BEGGAR. If Poverty be a Title to Poetry, I am sure no-body can dispute mine. I own myself of the Company of Beggars; and I make one at their Weekly Festivals at St. Giles's. I have a small Yearly Salary for my Catches, and am welcome to a Dinner there whenever I please, which is more than most Poets can say. PLAYER. As we live by the Muses, it is but Gratitude in us to encourage Poetical Merit wherever we find it. The Muses, contrary to all other Ladies, pay no Distinction to Dress, and never partially mistake the Pertness of Embroidery for Wit, nor the Modesty of Want for Dulness. Be the Author who he will, we push his Play as far as it will go. So (though you are in Want) I wish you success heartily.
Richard Jordan and Anthony Perkins star in this made-for-TV adaptation of Victor Hugo's classic novel. Jean Valjean (Jordan) is imprisoned for stealing a loaf of bread for his sister's starving family. Soon afterwards he escapes and is presumed dead by all except police inspector Javert (Perkins), who pursues him relentlessly throughout his lifetime. In later years, when Valjean becomes involved in the French Revolution through his adopted daughter Cosette (Caroline Langrise)'s love for insurrectionist leader Marius (Christopher Guard), his quest for redemption comes to a heady climax.
John Gay (1685-1732) was part of the "association of wits" that included Alexander Pope and Jonathan Swift. But though Gay's exposure of weakness and folly is no less acute than theirs, his wit is characterised by a benign and ironic sense of the fallibility of humankind. Gay is a great master of parody and pastiche, and the quality of Gay's poetry, as Marcus Walsh points out in his introduction, lies in its "sense of verbal play". The ironic appreciation of "life as it is" that makes his "Beggar's Opera" enduringly popular is present in his poetry. "Trivia", which Gay's biographer called "the greatest poem on London in English literature", teems with the chaotic energy of the 18th-century city, while "The Shepherd's Week" is a pastoral of comic realism. This selection enables Gay's poetry to take its place alongside his drama as one of the most distinctive reflections of his age.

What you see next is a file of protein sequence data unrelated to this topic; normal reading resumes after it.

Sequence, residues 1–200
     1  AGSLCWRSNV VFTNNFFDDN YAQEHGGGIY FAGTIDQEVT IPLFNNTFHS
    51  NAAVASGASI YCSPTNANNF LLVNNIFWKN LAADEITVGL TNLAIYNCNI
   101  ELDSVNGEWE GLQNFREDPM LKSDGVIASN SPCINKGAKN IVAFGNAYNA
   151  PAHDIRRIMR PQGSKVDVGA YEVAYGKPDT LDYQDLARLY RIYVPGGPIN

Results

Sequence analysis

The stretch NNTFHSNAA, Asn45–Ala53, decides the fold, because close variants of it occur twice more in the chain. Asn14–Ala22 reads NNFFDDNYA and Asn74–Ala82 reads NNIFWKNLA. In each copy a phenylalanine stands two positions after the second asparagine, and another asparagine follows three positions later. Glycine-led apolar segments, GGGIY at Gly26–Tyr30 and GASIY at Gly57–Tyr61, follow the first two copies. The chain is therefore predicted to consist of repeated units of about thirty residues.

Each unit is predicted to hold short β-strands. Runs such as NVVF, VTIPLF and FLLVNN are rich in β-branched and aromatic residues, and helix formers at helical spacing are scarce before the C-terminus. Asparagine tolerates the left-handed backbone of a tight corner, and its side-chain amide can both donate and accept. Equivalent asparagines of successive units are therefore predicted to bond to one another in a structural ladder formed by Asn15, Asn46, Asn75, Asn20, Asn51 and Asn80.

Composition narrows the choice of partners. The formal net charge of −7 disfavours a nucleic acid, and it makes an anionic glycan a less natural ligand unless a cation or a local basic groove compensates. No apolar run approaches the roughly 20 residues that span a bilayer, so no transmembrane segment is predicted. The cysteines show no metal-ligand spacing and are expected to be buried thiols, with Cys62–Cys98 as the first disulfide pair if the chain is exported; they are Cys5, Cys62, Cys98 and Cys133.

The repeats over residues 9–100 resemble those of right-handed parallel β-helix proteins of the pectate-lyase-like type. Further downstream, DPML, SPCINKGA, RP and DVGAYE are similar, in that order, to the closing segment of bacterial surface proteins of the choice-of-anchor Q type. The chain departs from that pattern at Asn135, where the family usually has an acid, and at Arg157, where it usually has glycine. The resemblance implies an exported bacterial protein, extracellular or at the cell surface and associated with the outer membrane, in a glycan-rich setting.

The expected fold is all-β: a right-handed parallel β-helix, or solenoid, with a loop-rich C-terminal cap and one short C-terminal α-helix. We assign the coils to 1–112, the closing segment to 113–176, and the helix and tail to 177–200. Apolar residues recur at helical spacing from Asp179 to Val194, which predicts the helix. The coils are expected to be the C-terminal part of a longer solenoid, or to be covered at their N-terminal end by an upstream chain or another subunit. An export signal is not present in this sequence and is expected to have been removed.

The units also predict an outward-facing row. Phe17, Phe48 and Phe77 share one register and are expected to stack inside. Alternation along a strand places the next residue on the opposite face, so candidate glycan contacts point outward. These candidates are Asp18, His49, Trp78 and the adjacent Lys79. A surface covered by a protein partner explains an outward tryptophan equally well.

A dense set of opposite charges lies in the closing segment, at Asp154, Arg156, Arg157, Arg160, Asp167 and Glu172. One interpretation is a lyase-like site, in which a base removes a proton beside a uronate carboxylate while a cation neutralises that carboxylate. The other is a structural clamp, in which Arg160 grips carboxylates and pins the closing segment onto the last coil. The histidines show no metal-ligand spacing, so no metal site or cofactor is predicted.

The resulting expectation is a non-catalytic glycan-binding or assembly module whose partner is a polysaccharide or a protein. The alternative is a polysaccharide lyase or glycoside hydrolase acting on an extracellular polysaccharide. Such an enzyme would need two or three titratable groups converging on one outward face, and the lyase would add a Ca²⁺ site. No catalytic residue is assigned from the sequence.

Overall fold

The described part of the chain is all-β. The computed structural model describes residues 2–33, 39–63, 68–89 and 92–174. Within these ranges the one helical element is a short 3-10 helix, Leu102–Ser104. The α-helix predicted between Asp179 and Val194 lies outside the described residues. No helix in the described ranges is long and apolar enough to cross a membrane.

‘Whore and rogue they call husband and wife:
The tale of Peachum, thief-taker and informer, conspiring to send the dashing and promiscuous highwayman Macheath to the gallows, became the theatrical sensation of the eighteenth century. In The Beggar’s Opera, John Gay turned conventions of Italian opera riotously upside-down, instead using traditional popular ballads and street tunes, while also indulging in political satire at the expense of the Prime Minister, Sir Robert Walpole. Gay’s highly original depiction of the thieves, informers, prostitutes and highwaymen thronging the slums and prisons of the corrupt London underworld proved brilliantly successful in exposing the dark side of a corrupt and jaded society.
Bryan Loughrey and T. O. Treadwell’s introduction examines the eighteenth-century background of musical theatre and opera, the changing cityscape of London and the corruption of the legal system. This edition also includes a note on the music in The Beggar’s Opera and suggestions for further reading.